Anxiety Disorders

Anxiety and Stress-related Difficulties in Youth

ImageClick Here to watch Dr. Beidel's video on anxiety in children

Among the most common difficulties in children and adolescents, anxiety can cause academic and social difficulties and drastically lower quality of life. As many as one in ten youths may experience significant problems due to anxiety, resulting in poor school attendance, trouble entering new and unfamiliar situations or meeting new people, and a number of associated difficulties such as trouble concentrating or disrupted sleep. Fortunately, our center offers a number of effective therapeutic programs that can help. If your child is experiencing any of the difficulties listed below, call us at 305-348-0477 or request information at ccf@fiu.edu to learn more.

Common Anxiety Disorders

  • Generalized Anxiety Disorder (GAD) – One of the most common anxiety disorders in children, kids with GAD have exaggerated worries about any number of topics, from regular events such as a test or doctor’s appointment and day-to-day issues like school performance or health and safety to global issues such as war or natural disasters. Children with GAD may experience trouble sleeping, trouble concentrating, irritability, muscle tension, and other physical symptoms like nausea and headaches.
  • Separation Anxiety Disorder (SAD) – Children with separation anxiety disorder often have trouble spending time away from home or from loved ones such as parents and siblings. They may feel the need to know where loved ones are, and worry about their loved ones getting sick or injured. These anxieties may result in trouble leaving the home, sleeping alone, and attending school.
  • Social Anxiety Disorder – Kids with social anxiety disorder worry excessively about being embarrassed in situations with other youth and adults. These concerns may interfere when they try to make friends, go to school and other public places, or attempt performance activities like public speaking, taking tests, or playing sports.
  • Selective Mutism (SM) – Children with SM may speak comfortably at home and with close family members, but have difficulty speaking in one or more social situations such as school or in public. Like in social anxiety disorder, kids with SM might seem excessively shy, worry about being embarrassed, or seem socially isolated or withdrawn.
  • Panic Disorder – Youth with panic disorder experience panic attacks (with symptoms including intense fear and unease, increased heart rate, trouble breathing, dizziness, trouble breathing, nausea, and other uncomfortable physical sensations) and concerns about these attacks.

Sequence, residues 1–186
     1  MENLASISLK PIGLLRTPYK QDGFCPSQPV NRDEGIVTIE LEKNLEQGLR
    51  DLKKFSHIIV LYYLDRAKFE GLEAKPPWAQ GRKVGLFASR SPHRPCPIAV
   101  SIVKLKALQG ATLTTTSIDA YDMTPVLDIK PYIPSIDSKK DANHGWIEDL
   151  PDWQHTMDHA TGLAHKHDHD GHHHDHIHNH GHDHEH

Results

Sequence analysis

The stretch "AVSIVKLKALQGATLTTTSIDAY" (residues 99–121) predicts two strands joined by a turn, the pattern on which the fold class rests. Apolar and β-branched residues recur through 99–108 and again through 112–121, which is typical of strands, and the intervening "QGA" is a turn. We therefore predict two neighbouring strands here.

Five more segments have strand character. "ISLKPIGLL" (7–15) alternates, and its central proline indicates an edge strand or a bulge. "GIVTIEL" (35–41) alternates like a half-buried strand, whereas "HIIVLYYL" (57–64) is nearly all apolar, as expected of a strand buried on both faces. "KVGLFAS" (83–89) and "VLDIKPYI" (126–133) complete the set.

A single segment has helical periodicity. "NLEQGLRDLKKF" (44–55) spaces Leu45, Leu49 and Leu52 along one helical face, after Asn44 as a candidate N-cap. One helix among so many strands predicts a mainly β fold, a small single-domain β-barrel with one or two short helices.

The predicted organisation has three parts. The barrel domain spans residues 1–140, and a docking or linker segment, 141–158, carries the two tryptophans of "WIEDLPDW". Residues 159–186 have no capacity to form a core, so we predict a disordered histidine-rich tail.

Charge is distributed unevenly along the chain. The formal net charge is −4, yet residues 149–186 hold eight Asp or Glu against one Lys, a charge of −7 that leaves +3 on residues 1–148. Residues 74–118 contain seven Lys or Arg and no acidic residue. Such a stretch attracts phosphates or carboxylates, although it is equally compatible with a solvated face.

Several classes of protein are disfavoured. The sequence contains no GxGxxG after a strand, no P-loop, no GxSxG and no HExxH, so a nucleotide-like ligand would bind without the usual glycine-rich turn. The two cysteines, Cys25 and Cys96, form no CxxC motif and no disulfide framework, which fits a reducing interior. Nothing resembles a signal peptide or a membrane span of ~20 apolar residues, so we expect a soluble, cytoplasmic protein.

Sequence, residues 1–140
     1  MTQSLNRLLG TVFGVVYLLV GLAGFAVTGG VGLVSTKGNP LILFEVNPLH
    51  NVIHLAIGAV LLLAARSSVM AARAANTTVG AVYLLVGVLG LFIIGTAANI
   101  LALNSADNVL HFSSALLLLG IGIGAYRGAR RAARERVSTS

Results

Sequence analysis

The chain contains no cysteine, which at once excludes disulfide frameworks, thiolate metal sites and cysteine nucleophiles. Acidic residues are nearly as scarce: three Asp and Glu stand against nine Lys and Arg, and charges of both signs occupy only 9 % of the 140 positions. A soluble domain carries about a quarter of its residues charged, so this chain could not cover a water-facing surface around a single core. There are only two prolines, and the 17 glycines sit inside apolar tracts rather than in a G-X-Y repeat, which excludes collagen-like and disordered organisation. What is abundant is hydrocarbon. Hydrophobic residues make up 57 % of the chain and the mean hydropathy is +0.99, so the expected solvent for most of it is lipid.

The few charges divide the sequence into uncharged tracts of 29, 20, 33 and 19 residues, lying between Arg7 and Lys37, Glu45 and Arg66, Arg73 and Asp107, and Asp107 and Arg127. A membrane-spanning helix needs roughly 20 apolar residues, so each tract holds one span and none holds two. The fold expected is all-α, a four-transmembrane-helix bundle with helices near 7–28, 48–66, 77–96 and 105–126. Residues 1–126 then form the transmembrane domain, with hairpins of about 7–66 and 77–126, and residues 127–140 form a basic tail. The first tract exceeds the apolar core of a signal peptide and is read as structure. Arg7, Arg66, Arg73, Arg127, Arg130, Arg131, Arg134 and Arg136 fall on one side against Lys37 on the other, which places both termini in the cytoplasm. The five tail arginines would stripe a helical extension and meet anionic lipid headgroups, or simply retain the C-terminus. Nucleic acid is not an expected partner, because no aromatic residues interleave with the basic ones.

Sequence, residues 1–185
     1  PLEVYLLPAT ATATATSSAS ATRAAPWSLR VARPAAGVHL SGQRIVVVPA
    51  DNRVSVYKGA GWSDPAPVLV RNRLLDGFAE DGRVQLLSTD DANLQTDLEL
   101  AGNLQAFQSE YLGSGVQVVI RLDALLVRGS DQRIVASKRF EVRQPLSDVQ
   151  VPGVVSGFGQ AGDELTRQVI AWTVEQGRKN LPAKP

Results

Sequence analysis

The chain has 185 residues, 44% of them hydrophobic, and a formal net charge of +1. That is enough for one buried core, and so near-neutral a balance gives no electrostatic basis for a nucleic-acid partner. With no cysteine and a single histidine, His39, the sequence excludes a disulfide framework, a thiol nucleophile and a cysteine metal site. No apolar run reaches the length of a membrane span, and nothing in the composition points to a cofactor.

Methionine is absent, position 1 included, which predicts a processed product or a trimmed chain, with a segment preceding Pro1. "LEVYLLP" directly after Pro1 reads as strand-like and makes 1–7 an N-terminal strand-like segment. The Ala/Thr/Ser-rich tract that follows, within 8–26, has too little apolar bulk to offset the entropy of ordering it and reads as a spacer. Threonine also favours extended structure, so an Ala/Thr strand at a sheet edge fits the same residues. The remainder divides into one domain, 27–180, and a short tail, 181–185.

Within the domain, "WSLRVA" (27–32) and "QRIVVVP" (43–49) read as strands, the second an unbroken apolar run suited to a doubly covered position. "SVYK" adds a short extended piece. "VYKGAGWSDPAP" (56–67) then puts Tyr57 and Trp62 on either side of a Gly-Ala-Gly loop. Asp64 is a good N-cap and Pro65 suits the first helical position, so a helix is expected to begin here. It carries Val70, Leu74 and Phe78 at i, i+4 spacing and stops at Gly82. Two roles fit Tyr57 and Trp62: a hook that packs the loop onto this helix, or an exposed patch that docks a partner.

• Agoraphobia – Adolescents with agoraphobia will come to avoid places where they have experienced a panic attack in the past or generally fear places that may be difficult to leave such as the mall or other crowded places, to school, or to sporting events they used to enjoy. The avoidance of places or situations may come to greatly restrict one’s life.
  • Specific Phobias - Specific Phobias affect more than 1 in 10 adolescents, and can often cause difficulties in early childhood as well. They are characterized by intense, excessive fear of certain things or situations that have lasted for at least 6 months, and may be expressed by crying, tantrums, freezing, or clinging. These fears may be especially limiting to the situations and places youth are able to comfortably go.
  • Obsessive-Compusive Disorder (OCD) – Though OCD is no longer considered an anxiety disorder under the new DSM-5 diagnostic system, it is most often described as distress due to anxiety and worries about unwanted, intrusive thoughts and images and repetitive actions that must be completed to help reduce discomfort related to these thoughts. Common examples include excessive hand washing, checking for mistakes, and repetitive questions seeking reassurance.
  • Post-Traumatic Stress Disorder (PTSD) – Traumatic, life-threatening experiences in the course of youths’ lives can often lead to psychological distress and anxiety when children and adolescents are faced with similar or related situations and reminders. Like OCD, PTSD is not classified as an Anxiety Disorder. It is, however, often related to considerable anxiety and excessive concerns about potential dangers in a youth’s surroundings that can limit his or her ability to enjoy and engage in daily activities.